Tuesday, March 22, 2011

II Peter 3:17 Four Imperatives of a Forward Looking Faith Part III

The Bible is a simple yet complicated book. It’s simple enough that there is truth that a child can understand yet complicated to the point that men and women have devoted their whole to the study of it and still feel they have barely scratched the surface of what’s there. Because of its simplicity and its profundity, the Bible touches all believers that study it. In fact, I would dare say that no one can truly study scripture, come face to face with the truth it reveals, and walk away unchanged. The truth of God’s word should change how we think and how we live. As Peter has noted in these concluding verses of his second epistle, because of the truth of God’s word our faith is a forward looking faith—we look to the future where sin will be done away with and Christ will reign to the glory of God the Father. To that end, Peter gives us here two last imperatives of a forward looking faith.

The first of these imperatives comes as a warning in verse 17—“be on your guard”. Notice further in the verse that Peter’s audience, and by implication us as well, have motivation to be on guard (present tense in the Greek—better translated “be on your guard continually”). They have been forewarned about the false teachers and heresy that is coming and therefore they “[know] this beforehand.” Now, I grew up in South Alabama and we had hurricanes occasionally. One in particular was pretty devastating but one thing that I learned was you are given fair warning. Like 2 days out they are able to predict with a fair degree of accuracy where that sucker is going to hit so if you’re in a mobile home or a low lying area you should have time to get someplace safe. Generally speaking, you have ample time to prepare. Now, Peter has written this book warning them that “there will also be false teachers among you” (2:1) and he has even told them the sorts of lies they would teach (3:3). Therefore, as a result of knowing what was coming, Peter gives them a command to “be on [their] guard”—they are to act as spiritual night watchmen, looking out for danger because, rest assured, danger is coming.

They need to be on guard because these false teachers could seduce them with false teaching. His readers, if they are not watchful, could be “carried away by the error of unprincipled men”. These unprincipled (lawless) men would come and teach doctrine that was contrary to the truth that had been taught by Peter and the other apostles. Their “error” would be presented by these false teachers as if it were true and if accepted by the church would put the souls of men and women in danger—the gospel saves, false doctrine does not. Because of that, it was paramount that these believers, and those of us reading Peter’s letter today as well, stay on their toes and be on the lookout for false doctrine so that it didn’t pollute the life saving message of the gospel.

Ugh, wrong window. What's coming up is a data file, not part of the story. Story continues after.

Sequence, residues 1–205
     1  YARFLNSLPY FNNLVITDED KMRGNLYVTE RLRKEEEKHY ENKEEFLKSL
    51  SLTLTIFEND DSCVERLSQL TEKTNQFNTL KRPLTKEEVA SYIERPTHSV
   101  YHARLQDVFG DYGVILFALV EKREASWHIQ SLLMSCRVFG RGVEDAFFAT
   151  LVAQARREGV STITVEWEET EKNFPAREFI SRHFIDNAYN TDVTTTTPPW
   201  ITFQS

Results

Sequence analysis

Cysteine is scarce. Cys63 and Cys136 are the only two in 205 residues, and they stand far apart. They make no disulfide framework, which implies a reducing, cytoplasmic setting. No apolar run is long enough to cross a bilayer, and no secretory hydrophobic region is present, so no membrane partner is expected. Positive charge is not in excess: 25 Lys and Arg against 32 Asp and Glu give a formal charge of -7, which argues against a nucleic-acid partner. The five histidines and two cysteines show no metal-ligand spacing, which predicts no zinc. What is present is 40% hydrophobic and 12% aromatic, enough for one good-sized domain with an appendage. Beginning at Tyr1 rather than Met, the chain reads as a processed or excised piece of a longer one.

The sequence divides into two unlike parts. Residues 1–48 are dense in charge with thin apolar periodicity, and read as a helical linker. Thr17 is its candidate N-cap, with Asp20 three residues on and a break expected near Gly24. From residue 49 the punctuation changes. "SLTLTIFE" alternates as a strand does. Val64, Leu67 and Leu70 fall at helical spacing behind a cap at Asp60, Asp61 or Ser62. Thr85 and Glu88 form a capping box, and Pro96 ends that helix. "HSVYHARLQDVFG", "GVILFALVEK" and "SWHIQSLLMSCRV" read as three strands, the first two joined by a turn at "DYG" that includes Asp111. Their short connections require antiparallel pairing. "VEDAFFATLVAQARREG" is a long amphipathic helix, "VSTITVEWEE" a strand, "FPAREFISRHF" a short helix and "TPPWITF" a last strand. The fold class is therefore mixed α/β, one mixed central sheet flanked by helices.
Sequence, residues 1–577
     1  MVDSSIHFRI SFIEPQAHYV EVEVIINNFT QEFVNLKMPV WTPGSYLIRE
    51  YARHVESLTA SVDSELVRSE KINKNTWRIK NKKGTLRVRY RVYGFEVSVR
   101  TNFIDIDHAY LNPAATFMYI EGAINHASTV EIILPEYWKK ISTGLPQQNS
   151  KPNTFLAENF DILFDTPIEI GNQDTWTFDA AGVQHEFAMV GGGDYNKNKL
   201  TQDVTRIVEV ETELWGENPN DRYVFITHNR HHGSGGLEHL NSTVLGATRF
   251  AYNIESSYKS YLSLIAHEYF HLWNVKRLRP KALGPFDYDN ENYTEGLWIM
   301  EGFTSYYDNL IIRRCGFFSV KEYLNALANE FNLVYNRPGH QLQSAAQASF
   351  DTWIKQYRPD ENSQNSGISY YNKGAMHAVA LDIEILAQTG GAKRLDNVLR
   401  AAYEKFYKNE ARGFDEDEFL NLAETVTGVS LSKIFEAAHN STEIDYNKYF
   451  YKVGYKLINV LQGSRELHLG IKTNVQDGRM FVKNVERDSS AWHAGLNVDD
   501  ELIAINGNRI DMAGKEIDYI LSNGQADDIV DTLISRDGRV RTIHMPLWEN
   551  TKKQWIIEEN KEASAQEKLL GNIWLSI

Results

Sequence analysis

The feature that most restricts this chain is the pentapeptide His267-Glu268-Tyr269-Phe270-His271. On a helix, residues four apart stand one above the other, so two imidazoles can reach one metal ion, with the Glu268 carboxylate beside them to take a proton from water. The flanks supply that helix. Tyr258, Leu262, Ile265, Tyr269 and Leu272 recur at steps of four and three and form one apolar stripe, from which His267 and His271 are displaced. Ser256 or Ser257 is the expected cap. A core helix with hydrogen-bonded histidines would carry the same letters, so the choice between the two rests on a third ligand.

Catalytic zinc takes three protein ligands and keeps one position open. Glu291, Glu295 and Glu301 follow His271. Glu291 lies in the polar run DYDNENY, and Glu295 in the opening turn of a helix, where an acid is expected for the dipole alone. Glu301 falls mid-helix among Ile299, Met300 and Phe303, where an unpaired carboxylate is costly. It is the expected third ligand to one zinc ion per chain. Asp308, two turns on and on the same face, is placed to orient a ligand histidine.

Now, if these people to whom Peter wrote were to be deceived and follow these false teachers (which I’m sure happened then and certainly happens now) it would mean them “fall[ing] from [their] own steadfastness”. That steadfastness, of course, was the bedrock truth of God’s word. False doctrine provides no support, no foundation for anything. In contrast, the truth of scripture is a solid rock on which to build (Matthew 7:24-26) and no one who builds on it will be ashamed. The way to prevent falling for a slick snake oil salesman peddling false doctrine, then, is to study the scriptures and by studying them come to know more fully the God of the Bible.

Friends, false doctrine was not just a problem in the early church. As we have seen in recent days, it’s a problem here and now. Just like Peter, I exhort you to cling to the truth of God’s word. There is no better way to defend yourself against the lies of Satan than studying the truth of God’s word.

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